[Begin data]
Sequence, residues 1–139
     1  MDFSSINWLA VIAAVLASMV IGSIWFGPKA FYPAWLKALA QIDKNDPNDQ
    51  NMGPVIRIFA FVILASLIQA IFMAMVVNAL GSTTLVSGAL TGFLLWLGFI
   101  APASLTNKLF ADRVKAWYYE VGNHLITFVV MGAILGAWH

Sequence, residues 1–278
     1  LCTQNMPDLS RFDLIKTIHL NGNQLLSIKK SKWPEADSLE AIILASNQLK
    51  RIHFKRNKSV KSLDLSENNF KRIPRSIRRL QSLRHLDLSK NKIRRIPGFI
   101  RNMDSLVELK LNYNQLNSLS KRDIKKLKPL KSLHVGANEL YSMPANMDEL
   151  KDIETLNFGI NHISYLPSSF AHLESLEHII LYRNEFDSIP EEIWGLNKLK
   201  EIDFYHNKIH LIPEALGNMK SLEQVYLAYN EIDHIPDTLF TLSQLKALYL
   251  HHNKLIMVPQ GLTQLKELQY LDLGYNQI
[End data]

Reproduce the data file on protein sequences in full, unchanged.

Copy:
Sequence, residues 1–139
     1  MDFSSINWLA VIAAVLASMV IGSIWFGPKA FYPAWLKALA QIDKNDPNDQ
    51  NMGPVIRIFA FVILASLIQA IFMAMVVNAL GSTTLVSGAL TGFLLWLGFI
   101  APASLTNKLF ADRVKAWYYE VGNHLITFVV MGAILGAWH

Sequence, residues 1–278
     1  LCTQNMPDLS RFDLIKTIHL NGNQLLSIKK SKWPEADSLE AIILASNQLK
    51  RIHFKRNKSV KSLDLSENNF KRIPRSIRRL QSLRHLDLSK NKIRRIPGFI
   101  RNMDSLVELK LNYNQLNSLS KRDIKKLKPL KSLHVGANEL YSMPANMDEL
   151  KDIETLNFGI NHISYLPSSF AHLESLEHII LYRNEFDSIP EEIWGLNKLK
   201  EIDFYHNKIH LIPEALGNMK SLEQVYLAYN EIDHIPDTLF TLSQLKALYL
   251  HHNKLIMVPQ GLTQLKELQY LDLGYNQI